What is turmeric, and where does it come from?
The turmeric you see in the grocery store comes from the root-stalk of a flowering plant (also called turmeric) that is in the same family as ginger. Turmeric is native to Indian and Southeast Asia, but—thanks to its warm, peppery, earthy flavour—it has become a popular food staple around the world. Turmeric helps to add flavour, colour, and a superfood punch to whatever you happen to be cooking up.
Health benefits of turmeric.
The active compound in turmeric is called curcumin, which is a powerful antioxidant and anti-inflammatory. The curcumin content in turmeric is not actually very high, so many people take a concentrated version as a supplement. Make sure to include black pepper when you’re cooking with turmeric —you’ll significantly increase your body’s absorption of the curcumin and be more likely to benefit from its healing properties. Although concrete scientific evidence is lacking, turmeric has been used as a medicinal herb for thousands of years, most notably by the Ayurvedic tradition and Chinese medicine. Here are some of the health benefits that turmeric may have:
- Reduce skin inflammation.
- Reduce stomach inflammation.
- Antioxidant (protects the body from free radicals).
- Improve brain function and decrease the risk of brain diseases.
- Lower risk of heart disease.
- Lower risk of developing some cancers.
- Treat joint inflammation and arthritis.
- Improve mood.
- Delay ageing.
- Improve memory.
- Treat heartburn.
- Reduce stress.
- Fight and prevent yeast infections (including candida balanitis).
- Treat skin conditions.
Buying and storing turmeric.
Turmeric is most commonly found in either its fresh (root) or powdered form. You can also find many teas that contain turmeric.
When buying fresh turmeric, look for rhizomes (another name for the rootstalk) that are firm—skip any that appear to be dry, soft, or shrivelled. You can peel fresh turmeric using the edge of a spoon—just scrape the spoon along the side, and the skin comes off easily. Keep in mind the fact that turmeric stains. It’s fat-soluble, so you can use a bit of olive oil or coconut oil on a cloth to wipe your hands, counters, or appliances clean if necessary. You can store fresh turmeric in an airtight container in the fridge for two weeks or in the freezer for up to six months.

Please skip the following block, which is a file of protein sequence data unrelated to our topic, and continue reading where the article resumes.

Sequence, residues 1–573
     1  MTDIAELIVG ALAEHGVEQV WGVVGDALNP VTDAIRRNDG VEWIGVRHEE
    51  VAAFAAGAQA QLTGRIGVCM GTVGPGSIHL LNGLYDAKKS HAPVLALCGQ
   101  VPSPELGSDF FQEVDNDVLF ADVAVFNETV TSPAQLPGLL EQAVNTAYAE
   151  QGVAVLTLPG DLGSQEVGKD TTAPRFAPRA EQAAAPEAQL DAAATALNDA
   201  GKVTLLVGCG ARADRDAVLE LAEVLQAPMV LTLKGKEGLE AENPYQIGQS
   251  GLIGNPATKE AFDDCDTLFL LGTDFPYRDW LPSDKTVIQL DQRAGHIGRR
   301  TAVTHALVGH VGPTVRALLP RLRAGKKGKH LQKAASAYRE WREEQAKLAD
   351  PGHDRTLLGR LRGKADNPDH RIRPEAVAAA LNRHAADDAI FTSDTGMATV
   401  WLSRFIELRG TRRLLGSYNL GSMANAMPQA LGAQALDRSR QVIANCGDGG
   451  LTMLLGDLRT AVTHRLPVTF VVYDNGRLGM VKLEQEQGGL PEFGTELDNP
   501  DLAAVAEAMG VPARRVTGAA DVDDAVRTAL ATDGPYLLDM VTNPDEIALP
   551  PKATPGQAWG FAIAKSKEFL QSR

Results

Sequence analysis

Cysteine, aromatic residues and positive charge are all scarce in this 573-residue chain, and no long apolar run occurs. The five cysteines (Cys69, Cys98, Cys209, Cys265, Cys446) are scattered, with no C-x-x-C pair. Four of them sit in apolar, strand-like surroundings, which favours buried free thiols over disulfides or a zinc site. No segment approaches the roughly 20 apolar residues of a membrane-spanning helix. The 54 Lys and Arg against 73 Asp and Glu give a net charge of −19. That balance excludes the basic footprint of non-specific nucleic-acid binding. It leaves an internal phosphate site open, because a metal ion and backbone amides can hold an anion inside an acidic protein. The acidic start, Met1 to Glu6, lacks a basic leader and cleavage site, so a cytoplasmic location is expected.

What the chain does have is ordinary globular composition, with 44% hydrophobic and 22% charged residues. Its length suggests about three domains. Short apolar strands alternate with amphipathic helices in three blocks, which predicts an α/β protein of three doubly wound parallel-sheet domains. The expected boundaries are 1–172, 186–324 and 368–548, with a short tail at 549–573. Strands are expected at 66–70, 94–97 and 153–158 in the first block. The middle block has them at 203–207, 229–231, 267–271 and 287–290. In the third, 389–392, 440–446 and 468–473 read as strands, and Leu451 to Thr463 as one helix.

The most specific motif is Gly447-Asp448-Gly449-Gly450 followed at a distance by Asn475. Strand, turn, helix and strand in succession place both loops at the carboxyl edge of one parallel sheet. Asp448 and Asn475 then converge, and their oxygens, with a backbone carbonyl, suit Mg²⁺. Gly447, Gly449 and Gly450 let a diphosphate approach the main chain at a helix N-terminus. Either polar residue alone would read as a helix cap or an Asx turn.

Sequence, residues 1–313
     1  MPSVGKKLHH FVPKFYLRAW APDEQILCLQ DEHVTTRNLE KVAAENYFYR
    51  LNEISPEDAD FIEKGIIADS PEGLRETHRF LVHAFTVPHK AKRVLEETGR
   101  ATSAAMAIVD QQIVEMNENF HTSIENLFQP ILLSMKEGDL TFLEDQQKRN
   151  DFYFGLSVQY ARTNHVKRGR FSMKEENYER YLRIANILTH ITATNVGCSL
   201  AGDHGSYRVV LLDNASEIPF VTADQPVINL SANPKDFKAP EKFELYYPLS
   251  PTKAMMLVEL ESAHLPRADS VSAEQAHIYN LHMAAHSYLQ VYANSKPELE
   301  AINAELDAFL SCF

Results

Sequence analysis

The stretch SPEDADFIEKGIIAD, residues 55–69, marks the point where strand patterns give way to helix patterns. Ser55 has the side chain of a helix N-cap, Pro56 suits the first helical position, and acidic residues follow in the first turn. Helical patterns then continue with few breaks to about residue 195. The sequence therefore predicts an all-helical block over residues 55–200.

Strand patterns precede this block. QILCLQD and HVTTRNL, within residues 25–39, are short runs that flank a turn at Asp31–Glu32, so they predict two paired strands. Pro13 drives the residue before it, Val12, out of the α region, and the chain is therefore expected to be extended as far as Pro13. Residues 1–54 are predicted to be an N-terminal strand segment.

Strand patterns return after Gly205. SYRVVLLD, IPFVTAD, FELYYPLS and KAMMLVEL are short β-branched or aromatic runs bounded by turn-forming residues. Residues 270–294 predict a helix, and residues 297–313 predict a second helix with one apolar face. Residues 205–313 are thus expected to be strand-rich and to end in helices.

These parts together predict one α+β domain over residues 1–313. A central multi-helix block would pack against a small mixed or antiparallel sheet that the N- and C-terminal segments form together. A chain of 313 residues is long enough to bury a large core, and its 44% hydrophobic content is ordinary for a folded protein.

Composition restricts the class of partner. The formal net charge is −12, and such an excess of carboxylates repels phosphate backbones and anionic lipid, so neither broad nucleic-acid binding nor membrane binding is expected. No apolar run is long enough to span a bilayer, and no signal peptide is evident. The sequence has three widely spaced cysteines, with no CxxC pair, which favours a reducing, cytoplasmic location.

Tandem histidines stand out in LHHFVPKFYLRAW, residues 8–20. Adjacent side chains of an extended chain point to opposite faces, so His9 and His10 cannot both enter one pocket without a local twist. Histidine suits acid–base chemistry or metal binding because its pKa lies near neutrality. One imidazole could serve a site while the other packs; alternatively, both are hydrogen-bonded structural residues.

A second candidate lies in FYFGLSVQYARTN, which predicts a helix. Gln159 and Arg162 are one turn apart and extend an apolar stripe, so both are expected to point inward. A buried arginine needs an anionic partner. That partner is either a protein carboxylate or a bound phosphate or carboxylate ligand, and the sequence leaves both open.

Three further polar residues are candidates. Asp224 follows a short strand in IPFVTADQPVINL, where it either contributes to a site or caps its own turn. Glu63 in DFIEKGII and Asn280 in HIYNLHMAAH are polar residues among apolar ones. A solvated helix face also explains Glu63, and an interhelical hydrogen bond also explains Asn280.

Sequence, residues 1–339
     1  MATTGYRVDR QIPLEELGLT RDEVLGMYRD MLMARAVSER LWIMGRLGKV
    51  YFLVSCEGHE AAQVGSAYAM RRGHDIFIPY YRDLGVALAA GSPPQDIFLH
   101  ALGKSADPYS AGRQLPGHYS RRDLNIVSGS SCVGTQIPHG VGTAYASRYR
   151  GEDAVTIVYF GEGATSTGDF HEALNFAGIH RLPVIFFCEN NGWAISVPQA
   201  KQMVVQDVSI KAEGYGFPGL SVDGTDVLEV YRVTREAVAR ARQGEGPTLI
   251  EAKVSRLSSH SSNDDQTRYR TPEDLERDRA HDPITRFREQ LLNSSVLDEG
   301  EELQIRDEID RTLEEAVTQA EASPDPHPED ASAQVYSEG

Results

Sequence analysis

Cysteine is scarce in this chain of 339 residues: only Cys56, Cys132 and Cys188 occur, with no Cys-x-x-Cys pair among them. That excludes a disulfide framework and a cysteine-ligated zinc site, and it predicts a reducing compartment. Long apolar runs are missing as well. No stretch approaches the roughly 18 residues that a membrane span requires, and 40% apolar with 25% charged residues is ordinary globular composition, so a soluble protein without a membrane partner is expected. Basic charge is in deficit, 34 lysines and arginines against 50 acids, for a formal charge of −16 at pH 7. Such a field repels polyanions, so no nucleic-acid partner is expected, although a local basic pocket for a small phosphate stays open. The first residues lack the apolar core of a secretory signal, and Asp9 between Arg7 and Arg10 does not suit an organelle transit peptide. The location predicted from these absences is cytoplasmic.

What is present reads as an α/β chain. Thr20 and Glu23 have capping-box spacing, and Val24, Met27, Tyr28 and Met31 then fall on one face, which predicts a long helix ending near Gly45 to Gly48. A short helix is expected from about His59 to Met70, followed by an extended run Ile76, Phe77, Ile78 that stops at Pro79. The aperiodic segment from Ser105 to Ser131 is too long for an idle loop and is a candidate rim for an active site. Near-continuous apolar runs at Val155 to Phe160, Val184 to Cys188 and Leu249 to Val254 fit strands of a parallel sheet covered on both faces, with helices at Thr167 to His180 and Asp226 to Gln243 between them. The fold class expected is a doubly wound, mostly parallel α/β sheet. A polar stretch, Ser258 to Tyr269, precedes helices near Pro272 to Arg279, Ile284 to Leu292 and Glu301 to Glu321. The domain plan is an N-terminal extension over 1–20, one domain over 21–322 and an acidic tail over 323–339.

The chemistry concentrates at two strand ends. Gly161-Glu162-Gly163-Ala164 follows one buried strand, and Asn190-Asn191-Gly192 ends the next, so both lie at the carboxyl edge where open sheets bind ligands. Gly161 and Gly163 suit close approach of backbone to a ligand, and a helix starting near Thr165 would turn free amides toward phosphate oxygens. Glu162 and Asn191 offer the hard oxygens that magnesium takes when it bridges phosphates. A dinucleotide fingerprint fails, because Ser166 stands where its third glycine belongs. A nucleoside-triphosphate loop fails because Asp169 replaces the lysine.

When you’re stocked up turmeric, either fresh or powdered, you’re ready to amp up the colour and flavour profile of almost anything you happen to be cooking.
Ways to incorporate turmeric into your foods and drinks.
Possible health benefits aside, you can’t go wrong adding turmeric into many different foods and beverages. Its most well-known use is in curry, but you can add incredible flavour and bright golden colour to a wide range of dishes. When you’re cooking, keep in mind that one tablespoon of fresh turmeric is equivalent to about one teaspoon of powdered. A little turmeric goes a long way, so start with smaller amounts and go from there.
Golden milk can be a calming, comforting drink at any time of day and can help you to get a better night’s sleep if you have some before bed. Heat your favourite dairy-free milk on the stove, adding turmeric, pepper, cayenne, and your choice of sweetener—agave or maple syrup are good options. Remember that turmeric is fat-soluble, so add a bit of coconut oil if your dairy-free milk doesn’t have any fat in it. You can experiment with adding things like ginger, vanilla, cinnamon, nutmeg, or any other warming or sweet flavour you see fit. What you end up with is a beautifully coloured, creamy, warming treat with a nutritional punch.